I’m currently a second-year student with a double major in Sport and Recreation Management and Journalism and Mass Communication. Like many people, I grew up loving sports. I was a manager for my high school’s football and basketball teams, and I’ve always enjoyed the behind-the-scenes work in sports. To me, pursuing a career in the business side of sports was a no-brainer when applying to colleges.
Now that I’m in college, I’m on the video staff for the Iowa football team, I’m a sports videographer for DITV Sports, I’m a social media marketing intern for a start-up sports company, and I write blog posts for the Office of Admissions.
In this post, I’ll address frequently asked questions about the Sport and Recreation Management major (more on Journalism & Mass Comm. in a future post) to serve both those who want to learn my reason for studying it and those who are looking to study it themselves.
What is Sport and Recreation Management?
It’s considered one of the fastest growing and most interesting fields offered.
In short, it’s the business side of sports. With a degree in Sport and Recreation Management, you can work in sales, marketing and promotions, communications, event management, operations, administration, public relations, journalism, social media, and the list goes on. The difference is that you’re doing that work in sports.
But you need more than just a degree in the major itself to land a job in the sport industry. You also need experience, whether through an internship or something else. It’s a combination of what you know (through classes and experiences) and who you know (the people you network with over the years).
Thankfully, the faculty within the Sport and Recreation Management major do everything they can to help get you the experience you need to land the job of your dreams.
Why Did I Choose Sport and Recreation Management?
As I previously said, I grew up loving sports. The summer before my junior year of high school, I shadowed the Manager of Business Analytics for the Chicago White Sox. From that point on, I knew without a doubt that I wanted to work in the sport industry. It was just a matter of figuring out exactly what I wanted to do in the industry and how to get there.
Along with sports, I’ve also always had a passion for writing. I learned about the Sport and Recreation Management and Journalism and Mass Communication majors during my Junior Day visit to the University of Iowa. And then I heard about The Daily Iowan. And then I was offered a position working with the Iowa football team.
I realized the University of Iowa was the perfect fit for me, and now I’m here.
What Do I Do in College?
First we learn how the sports business world works through classes involving sales, promotions, communications, finance, operations, and so on. And then we apply that knowledge to practicums and internships, which give us real world experience.
To give you a quick breakdown, the major requires you to complete 27 semester hours of foundation courses (Sales in Sport, Sport and Recreation Promotion, etc.), 12 semester hours of concentration courses (concentration areas include Business Studies, Event Management, etc.), and nine semester hours of guided or independent field experience.
Guided field experience can involve working with Iowa Athletics, the Iowa Wolves, the Iowa Wild, the Iowa Speedway, the Cedar Rapids Kernels, the Chicago Blackhawks, the San Diego Padres, and more. These opportunities are through the program and involve submitting an application to be accepted to a practicum.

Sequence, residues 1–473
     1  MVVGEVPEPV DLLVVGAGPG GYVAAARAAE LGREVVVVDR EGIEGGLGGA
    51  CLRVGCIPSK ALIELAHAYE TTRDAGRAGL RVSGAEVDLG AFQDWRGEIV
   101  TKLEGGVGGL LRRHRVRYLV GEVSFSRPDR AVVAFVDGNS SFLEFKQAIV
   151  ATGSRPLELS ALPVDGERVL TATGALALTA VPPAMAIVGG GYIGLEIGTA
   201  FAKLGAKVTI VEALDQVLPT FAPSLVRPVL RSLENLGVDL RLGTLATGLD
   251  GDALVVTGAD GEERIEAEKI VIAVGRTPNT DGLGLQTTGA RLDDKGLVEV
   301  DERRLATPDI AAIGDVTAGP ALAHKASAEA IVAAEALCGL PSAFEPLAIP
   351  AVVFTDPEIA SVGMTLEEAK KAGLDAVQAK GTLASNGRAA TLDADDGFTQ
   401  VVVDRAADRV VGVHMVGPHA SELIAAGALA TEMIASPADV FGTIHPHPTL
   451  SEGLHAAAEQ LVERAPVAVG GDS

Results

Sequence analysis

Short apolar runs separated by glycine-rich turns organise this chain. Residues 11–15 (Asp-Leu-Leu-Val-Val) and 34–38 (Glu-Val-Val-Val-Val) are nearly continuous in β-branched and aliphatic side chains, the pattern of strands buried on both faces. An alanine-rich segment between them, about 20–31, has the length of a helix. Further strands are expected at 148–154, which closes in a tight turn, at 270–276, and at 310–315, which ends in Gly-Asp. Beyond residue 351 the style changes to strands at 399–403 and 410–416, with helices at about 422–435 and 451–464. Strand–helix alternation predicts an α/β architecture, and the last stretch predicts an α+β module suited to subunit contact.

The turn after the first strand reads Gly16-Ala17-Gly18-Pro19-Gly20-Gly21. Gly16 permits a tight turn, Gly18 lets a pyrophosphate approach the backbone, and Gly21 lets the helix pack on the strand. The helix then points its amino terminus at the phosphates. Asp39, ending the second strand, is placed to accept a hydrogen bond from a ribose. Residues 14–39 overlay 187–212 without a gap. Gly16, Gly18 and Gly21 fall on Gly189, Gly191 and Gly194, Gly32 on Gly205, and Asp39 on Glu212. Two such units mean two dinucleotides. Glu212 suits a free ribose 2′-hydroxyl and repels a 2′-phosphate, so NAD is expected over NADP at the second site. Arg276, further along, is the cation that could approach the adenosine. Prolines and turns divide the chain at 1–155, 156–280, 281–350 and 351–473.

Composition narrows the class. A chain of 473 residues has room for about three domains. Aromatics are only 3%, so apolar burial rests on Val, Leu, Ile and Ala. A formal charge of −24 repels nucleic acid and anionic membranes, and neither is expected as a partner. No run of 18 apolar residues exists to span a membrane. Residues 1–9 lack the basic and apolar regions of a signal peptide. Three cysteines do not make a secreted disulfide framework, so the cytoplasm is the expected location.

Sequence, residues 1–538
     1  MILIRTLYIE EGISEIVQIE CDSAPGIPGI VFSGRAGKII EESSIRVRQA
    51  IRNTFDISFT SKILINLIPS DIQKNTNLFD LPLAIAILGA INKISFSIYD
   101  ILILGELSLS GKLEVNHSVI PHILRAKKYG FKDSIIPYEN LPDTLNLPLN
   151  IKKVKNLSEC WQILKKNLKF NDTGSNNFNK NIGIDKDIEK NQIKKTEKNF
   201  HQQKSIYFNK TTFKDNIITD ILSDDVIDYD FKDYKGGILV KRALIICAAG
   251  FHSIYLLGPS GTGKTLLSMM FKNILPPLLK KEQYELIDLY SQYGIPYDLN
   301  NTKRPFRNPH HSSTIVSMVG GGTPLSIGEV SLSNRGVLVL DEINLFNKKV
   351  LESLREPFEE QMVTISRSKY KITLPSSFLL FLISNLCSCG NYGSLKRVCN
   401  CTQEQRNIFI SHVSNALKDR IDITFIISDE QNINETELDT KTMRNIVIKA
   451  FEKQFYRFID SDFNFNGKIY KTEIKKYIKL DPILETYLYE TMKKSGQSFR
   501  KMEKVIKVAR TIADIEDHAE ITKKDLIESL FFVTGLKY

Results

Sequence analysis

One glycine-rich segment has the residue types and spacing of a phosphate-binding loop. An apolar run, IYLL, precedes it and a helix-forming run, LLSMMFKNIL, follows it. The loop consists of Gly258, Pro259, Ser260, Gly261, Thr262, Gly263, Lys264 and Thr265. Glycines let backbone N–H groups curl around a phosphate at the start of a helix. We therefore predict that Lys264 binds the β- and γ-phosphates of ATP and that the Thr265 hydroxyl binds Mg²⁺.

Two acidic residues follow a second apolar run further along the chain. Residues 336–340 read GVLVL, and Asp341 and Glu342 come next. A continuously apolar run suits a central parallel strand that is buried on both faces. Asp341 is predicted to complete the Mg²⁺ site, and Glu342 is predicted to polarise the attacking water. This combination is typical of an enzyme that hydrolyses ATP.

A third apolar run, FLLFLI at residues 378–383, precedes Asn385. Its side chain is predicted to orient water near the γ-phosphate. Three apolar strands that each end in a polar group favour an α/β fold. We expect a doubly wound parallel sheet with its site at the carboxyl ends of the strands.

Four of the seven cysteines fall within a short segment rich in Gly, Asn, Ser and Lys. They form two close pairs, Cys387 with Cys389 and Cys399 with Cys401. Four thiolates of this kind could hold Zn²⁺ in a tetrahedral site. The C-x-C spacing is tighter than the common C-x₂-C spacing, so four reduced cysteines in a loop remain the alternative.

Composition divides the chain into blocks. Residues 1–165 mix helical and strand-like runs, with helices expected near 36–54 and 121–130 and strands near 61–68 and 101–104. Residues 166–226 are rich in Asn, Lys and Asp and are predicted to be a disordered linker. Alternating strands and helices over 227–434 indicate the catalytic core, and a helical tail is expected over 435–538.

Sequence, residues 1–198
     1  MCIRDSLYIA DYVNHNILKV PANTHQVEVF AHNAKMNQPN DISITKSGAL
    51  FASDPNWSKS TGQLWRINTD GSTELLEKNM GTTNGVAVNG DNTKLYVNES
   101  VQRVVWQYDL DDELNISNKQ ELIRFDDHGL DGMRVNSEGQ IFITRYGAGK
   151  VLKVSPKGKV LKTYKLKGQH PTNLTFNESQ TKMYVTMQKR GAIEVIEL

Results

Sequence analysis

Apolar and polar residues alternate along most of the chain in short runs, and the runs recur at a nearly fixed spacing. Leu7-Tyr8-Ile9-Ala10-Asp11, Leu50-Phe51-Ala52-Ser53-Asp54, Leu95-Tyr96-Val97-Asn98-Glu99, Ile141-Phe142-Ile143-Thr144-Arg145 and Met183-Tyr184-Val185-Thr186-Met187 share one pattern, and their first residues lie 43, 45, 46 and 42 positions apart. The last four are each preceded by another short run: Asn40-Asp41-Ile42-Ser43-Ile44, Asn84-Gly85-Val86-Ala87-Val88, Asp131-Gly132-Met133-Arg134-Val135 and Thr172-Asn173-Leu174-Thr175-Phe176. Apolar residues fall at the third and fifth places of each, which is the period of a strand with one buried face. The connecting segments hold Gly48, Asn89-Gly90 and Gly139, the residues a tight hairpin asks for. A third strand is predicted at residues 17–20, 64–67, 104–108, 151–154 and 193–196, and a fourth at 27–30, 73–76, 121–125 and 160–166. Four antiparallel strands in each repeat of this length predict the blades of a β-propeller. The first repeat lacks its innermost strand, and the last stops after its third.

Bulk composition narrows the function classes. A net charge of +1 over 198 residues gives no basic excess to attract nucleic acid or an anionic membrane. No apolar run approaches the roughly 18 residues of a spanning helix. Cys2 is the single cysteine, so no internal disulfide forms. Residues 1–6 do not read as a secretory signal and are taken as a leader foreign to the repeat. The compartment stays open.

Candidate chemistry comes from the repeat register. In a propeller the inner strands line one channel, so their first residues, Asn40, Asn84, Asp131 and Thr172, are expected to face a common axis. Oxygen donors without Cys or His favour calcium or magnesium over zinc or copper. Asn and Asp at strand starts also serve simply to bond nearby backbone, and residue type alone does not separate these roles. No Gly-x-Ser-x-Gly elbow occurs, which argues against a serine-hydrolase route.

However, you can also complete the field experience requirement independent from the program. This means it’s your responsibility to identify an opportunity and make arrangements with an organization. For example, you could intern with the Chicago Cubs over the summer and use that as field experience. But it’s important to remember you also have to meet with the Director of the Office of Field Experience to ensure your independent job or internship meets the field experience requirement before it starts.
You can learn even more about the curriculum here.
Another cool opportunity the Sport and Recreation Management major offers is the ability to network with industry professionals on field trips. Last spring, I went on a field trip to Minneapolis and had the chance to tour U.S. Bank Stadium, Mayo Clinic Square, and the National Sports Center, as well as ask questions during Q&A panels with executives from the Vikings’ and Timberwolves’ organizations.
This spring we’ll be heading to Nashville and Memphis to tour more facilities and meet with executives from the Tennessee Titans, Memphis Grizzlies, and Nashville Sounds. Keep an eye out for a post about this trip in March!
What Will I Do After College?
There are so many different directions you can take your career with a degree in Sport and Recreation Management. Personally, I’ve found a passion for digital communications, which can involve storytelling, content creation, and social media.
I still have a year and a half left of college, but I already have my eye on a few post-grad jobs and internships with intercollegiate athletic departments, major and minor league sport teams, the NCAA, and the NFL.
For now, I’ll continue to grow my network and gain valuable experience in the industry.
Thank you for reading! Be sure to keep an eye out for my next post. If you want to see more of my daily life as a Hawkeye, feel free to follow me on social media. Go Hawks!
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